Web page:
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Suburban Cycling Infrastructure in Aurora (Part 1 of 2)

I’m going to devote the next two posts to some present (and potential) cycling infrastructure in one part of Toronto’s suburbs.

We have friends who live on the outskirts of Aurora, which is on the outskirts of the “Greater Toronto Area”. In other words, the edge of suburbia.

I sometimes get sick going up there because their neighbourhood (which was farmers fields at the turn of the millenium) is right beside huge plots of hundreds of acres of land, being scraped off in preparation of new wasteful subdivisions.

Anyhow, on this trip to suburbia, I took along the camera to take photos of the cycling infrastructure I had noticed:

I’ll start with the good – actual paved paths for cyclists between the sidewalk and the road (specifically, Bayview Ave. between Wellington and St. John’s Sideroad) which helps hugely with safety. Although the posted speed limit here is 60 km/h, the real speed along here is about 80 km/h, with it not being rare to see cars going close to 100 km/h.

The bad part of these paths is that there is nothing special where they cross roads – no differently coloured pavement, or bricked walkways, or anything.

Getting into the actual subdivision where our friends live, there is a big hydro corridor cutting through it (itself a subject of controversy among those who think electricity causes cancer). This hydro corridor extends from close to Barrie down through northern York Region, where it essentially comes down to Toronto close to Highway 404, before meeting up (near Eglinton & Victoria Park) with what I believe is called the Sagueney Hydro Corridor (which goes all the way to Quebec).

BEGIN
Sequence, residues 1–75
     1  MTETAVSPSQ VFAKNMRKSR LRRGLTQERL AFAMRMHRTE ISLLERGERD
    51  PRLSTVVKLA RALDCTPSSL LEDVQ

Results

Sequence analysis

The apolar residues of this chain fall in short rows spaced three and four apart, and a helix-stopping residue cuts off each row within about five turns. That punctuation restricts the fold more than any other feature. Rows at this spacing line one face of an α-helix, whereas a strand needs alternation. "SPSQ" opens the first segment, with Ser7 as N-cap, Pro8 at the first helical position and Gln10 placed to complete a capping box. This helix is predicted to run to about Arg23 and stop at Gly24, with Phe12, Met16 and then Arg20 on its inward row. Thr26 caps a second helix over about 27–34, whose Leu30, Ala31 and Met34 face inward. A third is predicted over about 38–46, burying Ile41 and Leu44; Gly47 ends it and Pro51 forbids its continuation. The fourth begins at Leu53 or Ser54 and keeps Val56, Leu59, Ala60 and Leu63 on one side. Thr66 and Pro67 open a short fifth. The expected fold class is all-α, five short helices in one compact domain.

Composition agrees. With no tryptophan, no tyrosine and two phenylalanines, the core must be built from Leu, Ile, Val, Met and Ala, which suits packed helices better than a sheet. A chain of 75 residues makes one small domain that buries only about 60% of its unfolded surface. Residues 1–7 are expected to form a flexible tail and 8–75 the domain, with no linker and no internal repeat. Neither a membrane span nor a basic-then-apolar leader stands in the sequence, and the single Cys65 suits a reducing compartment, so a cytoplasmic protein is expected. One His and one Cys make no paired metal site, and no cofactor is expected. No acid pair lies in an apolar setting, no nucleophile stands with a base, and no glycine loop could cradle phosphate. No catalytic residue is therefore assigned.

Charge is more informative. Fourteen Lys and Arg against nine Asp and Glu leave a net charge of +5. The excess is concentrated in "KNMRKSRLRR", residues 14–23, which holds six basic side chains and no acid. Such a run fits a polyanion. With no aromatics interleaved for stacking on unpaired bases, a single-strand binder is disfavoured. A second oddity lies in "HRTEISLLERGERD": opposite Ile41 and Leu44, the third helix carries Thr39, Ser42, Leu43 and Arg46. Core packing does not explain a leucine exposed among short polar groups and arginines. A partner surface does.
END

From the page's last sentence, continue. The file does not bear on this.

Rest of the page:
Whenever I see this hydro corridor I think of the missed opportunity to have a dedicated cycling path from northern York Region all the way to Eglinton.

While it may be too much to ask people to commute by bike from Aurora to Toronto – the possibility of going from Aurora to Markham, or Markham to Toronto is quite doable. The recreational cyclists would love it too.

Part Two is about bikelanes in Aurora subdivisions.

  • Andrew

    Hydro corridors (and utility corridors in general) are definitely a missed opportunity. The problem is not necessarily limited to local and regional governments however. Transmission corridors are owned and operated by Hydro One and they are notoriously difficult to deal with regarding use of their easements.

    I also think from a technical standpoint that street crossings would be a challenge. I’m thinking of something like a crosswalk or an actual traffic signal to allow bikes/pedestrians to cross busy streets to get to different segments of the trailway.

    On the up side of the new construction in Aurora, at least it looks as if they are actually building bike lanes and other infrastructure as part of the development. I think this makes a lot more sense than trying to redesign and retrofit streets after the fact.